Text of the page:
As GEO approaches its third decade of work, a major emphasis will be on establishing strong sustainable value chains providing co-designed Earth insights, knowledge and intelligence for policy and decision-making. This flash talk we will illustrate this at European, African and global scale connecting the information flow, users and stakeholders at various stages of the value chain. It will underline the value of individual contributions but also stress the cumulative benefit for having strong traceable value chains for information and stakeholders. The intervention will also demonstrate the intentional transition from research to sustained operations in delivering services for policy.
Sven Gilliams (VITO)
Due to the wide variety of landscape dynamics, crop types, growing seasons and agricultural management practices, mapping of cropland extent, crop types and irrigation practices at the global scale still remain very challenging tasks. Several attempts have already been made to come up with accurate global maps, but until now not one has succeeded in providing seasonal information at field level on a global scale. Current crop map layers either lack spatial detail or fail to provide regular updates. As such, the AFOLU / Climate community is still in need of a system that can provide seasonal global agricultural monitoring information at field level. For this reason, the European Space Agency, in collaboration with stakeholders in global agriculture like GEOGLAM, FAO, AMIS, has initiated the WorldCereal project to demonstrate the feasibility of producing seasonal update cropland and crop type maps based on open and free data.
This flash talk will introduce the objective, research contents, working networks, activities, potential impact of initiative of attainable yield gap in Africa. In particular, a long-term crop production and yield datasets generated using machine learning algorithms by integrating statistical data, agroclimatic and agronomic information from CropWatch and remote sensing products will be presented and shared in the flash talk
CREDIBLE is setting up and moderating a network of activities for favoring discussions on methodology standardisation in soil carbon accounting. EARSC is responsible for pushing forward the discussions on how earth observation is contributing to carbon removals (MRV) and is expected to evolve policy making and business innovation engagement toward its end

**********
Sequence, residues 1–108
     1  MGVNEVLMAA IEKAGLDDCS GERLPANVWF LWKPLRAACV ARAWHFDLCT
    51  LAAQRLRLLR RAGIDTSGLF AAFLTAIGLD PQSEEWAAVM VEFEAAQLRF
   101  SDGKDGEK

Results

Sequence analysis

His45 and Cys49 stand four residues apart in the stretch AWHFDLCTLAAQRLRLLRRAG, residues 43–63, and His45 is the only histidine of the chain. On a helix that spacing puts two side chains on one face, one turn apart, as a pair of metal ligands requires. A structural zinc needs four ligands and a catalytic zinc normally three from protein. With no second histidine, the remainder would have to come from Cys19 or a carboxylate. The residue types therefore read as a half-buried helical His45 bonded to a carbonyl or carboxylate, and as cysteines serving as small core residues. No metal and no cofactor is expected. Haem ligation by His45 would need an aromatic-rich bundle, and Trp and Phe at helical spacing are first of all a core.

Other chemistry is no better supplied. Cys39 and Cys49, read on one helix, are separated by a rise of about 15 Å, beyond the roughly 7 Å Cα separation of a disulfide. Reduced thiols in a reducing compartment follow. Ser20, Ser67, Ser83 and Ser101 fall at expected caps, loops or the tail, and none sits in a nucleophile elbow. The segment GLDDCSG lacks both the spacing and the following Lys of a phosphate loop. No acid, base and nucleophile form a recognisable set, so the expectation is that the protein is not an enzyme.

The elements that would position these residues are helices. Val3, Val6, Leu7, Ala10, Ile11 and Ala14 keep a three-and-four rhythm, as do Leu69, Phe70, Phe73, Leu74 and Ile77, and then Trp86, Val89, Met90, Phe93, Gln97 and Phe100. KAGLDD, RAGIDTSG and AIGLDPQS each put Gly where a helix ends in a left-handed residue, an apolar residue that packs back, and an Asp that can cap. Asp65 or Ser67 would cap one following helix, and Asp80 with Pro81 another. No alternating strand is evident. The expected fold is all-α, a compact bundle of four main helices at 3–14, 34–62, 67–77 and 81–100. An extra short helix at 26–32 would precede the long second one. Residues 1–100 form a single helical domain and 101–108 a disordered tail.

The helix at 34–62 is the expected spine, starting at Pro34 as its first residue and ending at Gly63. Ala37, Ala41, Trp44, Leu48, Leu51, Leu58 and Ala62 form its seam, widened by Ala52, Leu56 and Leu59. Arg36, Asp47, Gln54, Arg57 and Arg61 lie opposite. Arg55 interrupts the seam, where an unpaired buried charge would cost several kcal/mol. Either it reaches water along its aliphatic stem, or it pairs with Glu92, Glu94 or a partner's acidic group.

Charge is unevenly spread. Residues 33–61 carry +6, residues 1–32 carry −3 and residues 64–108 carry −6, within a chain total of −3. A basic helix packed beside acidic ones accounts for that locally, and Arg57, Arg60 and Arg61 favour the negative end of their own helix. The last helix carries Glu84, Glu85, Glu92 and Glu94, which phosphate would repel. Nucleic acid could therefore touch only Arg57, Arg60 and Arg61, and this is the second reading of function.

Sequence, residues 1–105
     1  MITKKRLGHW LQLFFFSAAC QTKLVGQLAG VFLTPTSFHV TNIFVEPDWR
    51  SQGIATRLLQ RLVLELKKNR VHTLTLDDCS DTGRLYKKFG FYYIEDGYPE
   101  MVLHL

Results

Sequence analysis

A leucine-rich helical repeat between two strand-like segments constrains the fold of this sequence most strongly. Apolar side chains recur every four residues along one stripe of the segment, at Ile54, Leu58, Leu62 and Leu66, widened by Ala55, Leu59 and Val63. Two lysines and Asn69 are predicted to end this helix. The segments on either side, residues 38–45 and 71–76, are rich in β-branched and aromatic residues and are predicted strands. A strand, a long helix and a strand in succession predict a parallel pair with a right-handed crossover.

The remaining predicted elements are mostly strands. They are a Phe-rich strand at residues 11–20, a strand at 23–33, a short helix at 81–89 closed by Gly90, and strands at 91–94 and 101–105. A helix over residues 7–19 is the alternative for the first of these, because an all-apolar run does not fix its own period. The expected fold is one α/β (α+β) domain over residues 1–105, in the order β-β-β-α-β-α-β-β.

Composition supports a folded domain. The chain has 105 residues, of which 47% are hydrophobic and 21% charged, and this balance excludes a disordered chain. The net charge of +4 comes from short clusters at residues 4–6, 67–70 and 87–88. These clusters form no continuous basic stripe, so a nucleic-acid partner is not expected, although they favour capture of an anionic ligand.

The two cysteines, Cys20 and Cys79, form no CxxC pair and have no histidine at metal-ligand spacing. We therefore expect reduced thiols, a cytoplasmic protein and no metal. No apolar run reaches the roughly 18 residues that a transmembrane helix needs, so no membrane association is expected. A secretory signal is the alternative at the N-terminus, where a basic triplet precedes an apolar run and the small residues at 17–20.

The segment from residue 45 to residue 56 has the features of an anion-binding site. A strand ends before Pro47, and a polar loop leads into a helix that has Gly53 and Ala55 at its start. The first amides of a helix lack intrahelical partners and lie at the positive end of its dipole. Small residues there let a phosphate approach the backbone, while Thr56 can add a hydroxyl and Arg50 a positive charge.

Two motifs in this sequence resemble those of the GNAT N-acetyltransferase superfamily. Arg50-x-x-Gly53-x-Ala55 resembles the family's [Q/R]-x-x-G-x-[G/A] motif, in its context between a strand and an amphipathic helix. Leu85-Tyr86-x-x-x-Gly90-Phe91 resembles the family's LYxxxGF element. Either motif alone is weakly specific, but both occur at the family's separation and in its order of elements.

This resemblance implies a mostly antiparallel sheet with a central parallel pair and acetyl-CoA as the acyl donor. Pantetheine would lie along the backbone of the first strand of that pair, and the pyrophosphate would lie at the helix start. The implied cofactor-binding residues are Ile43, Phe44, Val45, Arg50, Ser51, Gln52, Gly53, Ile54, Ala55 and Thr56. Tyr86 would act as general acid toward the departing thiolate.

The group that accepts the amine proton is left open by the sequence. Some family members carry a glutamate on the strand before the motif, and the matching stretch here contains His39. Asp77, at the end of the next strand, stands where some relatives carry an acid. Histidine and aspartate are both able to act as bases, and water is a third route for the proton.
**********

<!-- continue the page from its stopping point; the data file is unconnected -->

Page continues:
Hakki Emrah Erdogan (EC Joint Research Center - JRC)
This flash talk employs the EU Common Agricultural Policy’s Checks-by-Monitoring (CbM) to demonstrate near real-time measuring, reporting, and validating (MRV) at the field level. The CbM uses open access Copernicus Sentinel satellite data and other data sources to detect agricultural activities on the areas under the all EU area payments in an automated and continuous process. In analysing land-based subsidy eligibility and effectiveness, the CbM solution using AI/ML algorithms is effective and cost-efficient. The use of MRV instruments by policymakers and decision-makers to advance policy goals. The CbM provides a rigorous approach for monitoring green agriculture policy and funding in near real time as calls for SDG goals resurface and climate change impacts become visible.
In monitoring climate change, biodiversity loss and pollution, EO data plays a crucial role. Over the past decades the increase of availability of EO data, AI and cloud infrastructure has opened up EO use at global scale across different domains and institutes (public and privat). However, in situ data to train and validate the models is still lacking. Within the EU e-shape project an approach to collect agricultural in situ data has been developed in coordination with the GEOGLAM in situ data working group. This approach could be valuable for other GEO-communities and flagships and a start of a large in situ data infrastructure.
Jose Rubio Miguel for Alba Brobia (Ecological and Forestry Applications Research Centre - CREAF)
In-situ data are very relevant to cover critical needs such as calibration and validation of remote sensing-based products, input assessment for numerical modeling, provision of a commercial service or estimation of a policy monitoring indicator among others. Depending on the need there will be requirements for in-situ data that can be formally expressed as variable needed (e.g. a Essential Variable), thematic uncertainty, positional accuracy, temporal coverage and frequency, representative radius, coordinate measurements, etc. This flash talk exposes the rational for a GEO in-situ data requirements database and proposes a new FAIR GEO component that helps manage in-situ data requirements from GEO activities. It facilitates the requirements gathering process with a set of guiding questions and allows for querying the requirements database to get a comprehensive view of what is needed by the GEO community. It will also allow understanding whether there are similar requirements across different GEO activities, fostering in-situ data reusability, guiding the priorities to look for new data providers, facilitating the identification of and interaction with key in situ data providers.
Bente Lilja Bye (BLB), Piotr Zaborowski (OGC), Marie-Francoise Voidrot (OGC)